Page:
Marble Cake

A quick recipe for you, right before Rosh HaShanah, for a classic favorite: marble cake. This cake was originally German, and shows up in the 19th century with a mix of gingerbread and vanilla cakes. The chocolate version came a little later in the same century, when cocoa powder became available on the mass market. German Jews brought the cake to both the United States and Israel – where it became a fan favorite in Jewish communities. For many Jews of my generation, marble cake is a quintessentially Jewish dessert, consumed at synagogues, semachot, and other events.

It seems hard, but this cake is actually quite easy to make. I hope you enjoy it, and Happy New Year! Shana tova umetukah!

Marble Cake (Marmorkuchen)

Makes 10-18 servings, depending on how big you cut

1 stick (1/2 cup) butter, softened, plus more to grease the pan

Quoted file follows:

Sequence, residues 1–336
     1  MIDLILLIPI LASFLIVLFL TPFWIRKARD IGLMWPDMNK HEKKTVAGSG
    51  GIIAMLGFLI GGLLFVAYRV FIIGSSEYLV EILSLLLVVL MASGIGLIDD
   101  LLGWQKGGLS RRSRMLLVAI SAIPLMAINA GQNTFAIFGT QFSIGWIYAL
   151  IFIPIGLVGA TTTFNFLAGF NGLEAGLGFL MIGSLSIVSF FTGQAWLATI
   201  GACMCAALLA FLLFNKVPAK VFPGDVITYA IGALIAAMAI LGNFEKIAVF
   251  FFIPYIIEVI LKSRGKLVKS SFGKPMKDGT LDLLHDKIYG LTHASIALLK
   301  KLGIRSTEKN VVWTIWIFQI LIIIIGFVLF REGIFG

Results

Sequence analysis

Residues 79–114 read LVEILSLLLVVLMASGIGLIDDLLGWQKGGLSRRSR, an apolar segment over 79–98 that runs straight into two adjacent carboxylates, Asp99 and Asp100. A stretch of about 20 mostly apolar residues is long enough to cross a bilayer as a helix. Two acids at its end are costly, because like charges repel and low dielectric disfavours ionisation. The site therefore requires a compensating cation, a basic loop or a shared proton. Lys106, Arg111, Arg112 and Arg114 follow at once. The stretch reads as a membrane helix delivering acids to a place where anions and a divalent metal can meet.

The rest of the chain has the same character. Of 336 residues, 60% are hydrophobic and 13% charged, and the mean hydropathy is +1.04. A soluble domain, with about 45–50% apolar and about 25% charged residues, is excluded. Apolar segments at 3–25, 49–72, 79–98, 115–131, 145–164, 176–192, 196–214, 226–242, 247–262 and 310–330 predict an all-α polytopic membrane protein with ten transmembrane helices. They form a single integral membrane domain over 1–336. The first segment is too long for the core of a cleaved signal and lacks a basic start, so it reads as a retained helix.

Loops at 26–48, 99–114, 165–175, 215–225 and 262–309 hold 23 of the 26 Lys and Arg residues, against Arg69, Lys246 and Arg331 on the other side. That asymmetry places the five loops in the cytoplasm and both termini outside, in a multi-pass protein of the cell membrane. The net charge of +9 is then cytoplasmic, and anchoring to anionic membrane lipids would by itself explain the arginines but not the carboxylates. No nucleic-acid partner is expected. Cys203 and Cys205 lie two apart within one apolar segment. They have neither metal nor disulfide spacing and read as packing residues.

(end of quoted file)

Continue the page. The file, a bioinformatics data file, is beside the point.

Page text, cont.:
1 cup granulated sugar

3 eggs, beaten

1 tbsp sour cream

1 cup whole milk

1 tsp vanilla extract

2 cups white flour

2 tsp baking powder

½ tsp salt

2 tbsp unsweetened cocoa powder

  1. Preheat your oven to 350F/175C. Grease a 9 inch/23 cm loaf pan.
  2. Cream together the butter and sugar until fluffy – you can use a pastry knife , spoon, or hand mixer.
  3. Add the eggs, sour cream, milk, and vanilla, and mix until thoroughly combined.
  4. Add the flour, baking powder, and salt, and mix until you have a smooth, thick, consistent batter.
  5. Reserve one cup of the batter, and pour the remaining batter into your greased pan.
  6. Mix the cocoa powder into the reserved batter cup until thoroughly combined. Then, spoon the cocoa batter over the other batter in the pan.
  7. Use a chopstick or knife to swirl the batters together until you get a marble effect – I run a chopstick back and forth in the pan several times to do this.
  8. Bake for 50-60 minutes, or until a toothpick comes out clean. Let cool before serving.

Thank you to my classmates for participating in User Acceptance Testing!

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